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Home Office moots 'Precrime' agency for future serial killers

But wacko ideas don't fix dud IT systems

Look at each of these individually, consider the likely costs and benefits of available courses of action, and ask yourself, what would you have done? There is no obvious gross incompetence or negligence. There are various human errors, but systems need to be able to cater for and trap human errors - here, with little or no safety net, the errors simply added a little more to the chances of Huntley being given a clean bill of health.

In none of the cases of alleged child sex would the children involved or their parents press charges, while none of the rape allegations could be made to stick. Effectively, despite regular police attention over a protracted period, the nearest thing to a record Huntley had was the burglary charge. But the information to produce something more meaningful did exist, as illustrated by an intelligence report that was filed, finally, by one PC Harding in 1999.

Huntley, said the report, had come to the attention of Grimsby CID in four separate rape enquiries and one indecent assault. "Huntley on all these occasions has targeted women that he knew or has befriended, usually in nightclubs..." The report explains that Huntley admits to sex with consent, and that he "seems to choose women who do not make ideal witnesses/complainants", hence the lack of convictions. But: "It is clear that Huntley is a serial sex attacker and is at liberty to continue his activities..."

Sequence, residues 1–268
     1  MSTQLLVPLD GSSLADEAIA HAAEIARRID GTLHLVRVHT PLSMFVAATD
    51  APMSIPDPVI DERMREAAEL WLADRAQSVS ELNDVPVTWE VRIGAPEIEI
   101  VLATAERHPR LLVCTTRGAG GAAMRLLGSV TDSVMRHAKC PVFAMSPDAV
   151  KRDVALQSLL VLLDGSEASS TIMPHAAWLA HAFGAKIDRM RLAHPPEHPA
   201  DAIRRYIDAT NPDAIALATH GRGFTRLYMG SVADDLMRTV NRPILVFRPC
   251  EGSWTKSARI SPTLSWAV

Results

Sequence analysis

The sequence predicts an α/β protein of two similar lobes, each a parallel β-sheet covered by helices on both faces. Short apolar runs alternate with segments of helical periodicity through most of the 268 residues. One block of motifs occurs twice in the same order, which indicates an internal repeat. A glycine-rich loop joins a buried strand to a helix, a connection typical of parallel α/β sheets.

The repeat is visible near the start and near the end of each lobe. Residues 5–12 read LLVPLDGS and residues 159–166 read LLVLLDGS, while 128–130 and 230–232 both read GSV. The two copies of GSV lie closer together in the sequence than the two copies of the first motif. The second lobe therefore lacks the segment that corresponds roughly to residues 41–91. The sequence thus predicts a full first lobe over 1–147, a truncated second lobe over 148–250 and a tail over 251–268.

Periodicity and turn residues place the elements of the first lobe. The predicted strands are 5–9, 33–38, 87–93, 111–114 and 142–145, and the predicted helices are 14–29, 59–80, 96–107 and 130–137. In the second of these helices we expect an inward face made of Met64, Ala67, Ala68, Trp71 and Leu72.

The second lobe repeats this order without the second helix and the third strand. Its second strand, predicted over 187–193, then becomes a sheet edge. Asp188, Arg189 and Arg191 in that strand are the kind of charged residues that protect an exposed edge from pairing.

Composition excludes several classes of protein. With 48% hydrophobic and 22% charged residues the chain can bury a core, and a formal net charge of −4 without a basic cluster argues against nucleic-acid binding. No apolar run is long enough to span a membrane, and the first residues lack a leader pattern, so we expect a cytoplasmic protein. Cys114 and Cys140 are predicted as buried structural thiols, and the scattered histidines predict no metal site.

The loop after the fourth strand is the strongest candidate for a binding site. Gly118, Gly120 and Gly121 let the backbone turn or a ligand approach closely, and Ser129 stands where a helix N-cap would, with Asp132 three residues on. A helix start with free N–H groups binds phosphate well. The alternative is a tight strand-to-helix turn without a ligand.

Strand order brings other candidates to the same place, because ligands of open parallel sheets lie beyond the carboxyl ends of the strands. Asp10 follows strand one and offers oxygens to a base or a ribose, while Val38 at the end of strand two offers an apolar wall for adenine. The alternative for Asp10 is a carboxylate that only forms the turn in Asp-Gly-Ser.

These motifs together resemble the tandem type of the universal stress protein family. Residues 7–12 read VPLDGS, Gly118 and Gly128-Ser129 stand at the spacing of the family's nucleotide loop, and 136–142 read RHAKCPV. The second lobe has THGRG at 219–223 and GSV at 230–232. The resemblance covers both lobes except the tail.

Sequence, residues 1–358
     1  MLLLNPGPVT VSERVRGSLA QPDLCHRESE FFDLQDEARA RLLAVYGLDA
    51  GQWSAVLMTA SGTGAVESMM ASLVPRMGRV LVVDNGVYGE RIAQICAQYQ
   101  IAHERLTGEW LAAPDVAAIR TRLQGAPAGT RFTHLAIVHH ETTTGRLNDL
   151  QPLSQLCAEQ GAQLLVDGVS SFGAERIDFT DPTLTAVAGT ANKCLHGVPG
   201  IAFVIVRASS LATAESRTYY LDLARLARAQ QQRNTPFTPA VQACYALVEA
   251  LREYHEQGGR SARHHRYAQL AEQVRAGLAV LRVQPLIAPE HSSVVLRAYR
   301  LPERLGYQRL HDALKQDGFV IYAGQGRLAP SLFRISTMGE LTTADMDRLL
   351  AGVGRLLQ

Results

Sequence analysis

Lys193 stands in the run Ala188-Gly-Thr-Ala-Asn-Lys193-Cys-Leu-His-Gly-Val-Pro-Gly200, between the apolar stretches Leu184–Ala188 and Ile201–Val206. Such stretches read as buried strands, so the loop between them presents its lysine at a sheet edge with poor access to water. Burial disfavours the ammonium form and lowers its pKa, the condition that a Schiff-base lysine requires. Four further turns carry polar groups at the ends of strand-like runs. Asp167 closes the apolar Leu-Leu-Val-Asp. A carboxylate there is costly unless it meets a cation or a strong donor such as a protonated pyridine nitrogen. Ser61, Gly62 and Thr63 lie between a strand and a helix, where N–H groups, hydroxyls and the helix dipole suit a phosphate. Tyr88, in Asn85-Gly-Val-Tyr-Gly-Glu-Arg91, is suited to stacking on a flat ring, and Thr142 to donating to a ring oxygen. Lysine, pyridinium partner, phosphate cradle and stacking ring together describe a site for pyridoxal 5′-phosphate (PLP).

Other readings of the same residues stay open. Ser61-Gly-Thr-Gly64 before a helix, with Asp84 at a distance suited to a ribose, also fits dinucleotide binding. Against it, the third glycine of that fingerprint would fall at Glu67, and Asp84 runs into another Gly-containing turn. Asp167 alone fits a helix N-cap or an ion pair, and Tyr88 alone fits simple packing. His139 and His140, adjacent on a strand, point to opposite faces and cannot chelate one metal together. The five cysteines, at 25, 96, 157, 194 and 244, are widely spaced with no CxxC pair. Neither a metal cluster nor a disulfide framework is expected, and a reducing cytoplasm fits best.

PC Harding's report makes it clear that it was possible for police to produce a coherent and accurate (albeit overly-conclusive regarding guilt) assessment of Huntley, but this was the one and only intelligence report (there's a form, form 839) filed on Huntley, despite there having been justification for these earlier in the series of contacts.

Were the officers involved wrong in failing to complete them? Possibly, but filing intelligence reports for every last no-hope, minor, loser of a case (as most of these must have seemed) does not seem a sensible approach. As with social services, most of the contacts were dealt with case-by-case - there was no reference to a big picture, and (PC Harding's report aside), no big picture was recorded. As with social services, Humberside police was failing to share information with itself.

The systems available to the officers involved could almost be said to exhibit this lack of sharing as a design feature, and not for reasons of data protection. The relevant systems here were the PNC; Humberside's core intelligence system, CIS Nominals; CIS Crime, which contained details of reported, recorded, detected and 'disposed of' crimes; the Humberside Child Protection Database (CPD) and the ICJS, which creates custody records and produces documents concerning cautions, charges and bail. Huntley would at various points have been on some of these, but not necessarily helpfully, and not necessarily at the times when it would have been most helpful.

Huntley would not have shown up on the PNC because with the exception of the burglary offence he was never charged. He was interviewed under caution in 1995, but not formally cautioned. Formal cautions are now entered on the PNC, but they were not at the time of this particular interview, so he would not have acquired a PNC entry if a caution had been given. A record of the burglary "lie on file" did exist on the PNC and therefore in theory could have been found by the Cambridgeshire check. It wasn't, but even if it had been, it would simply have revealed a possible case of petty dishonesty five years previously.

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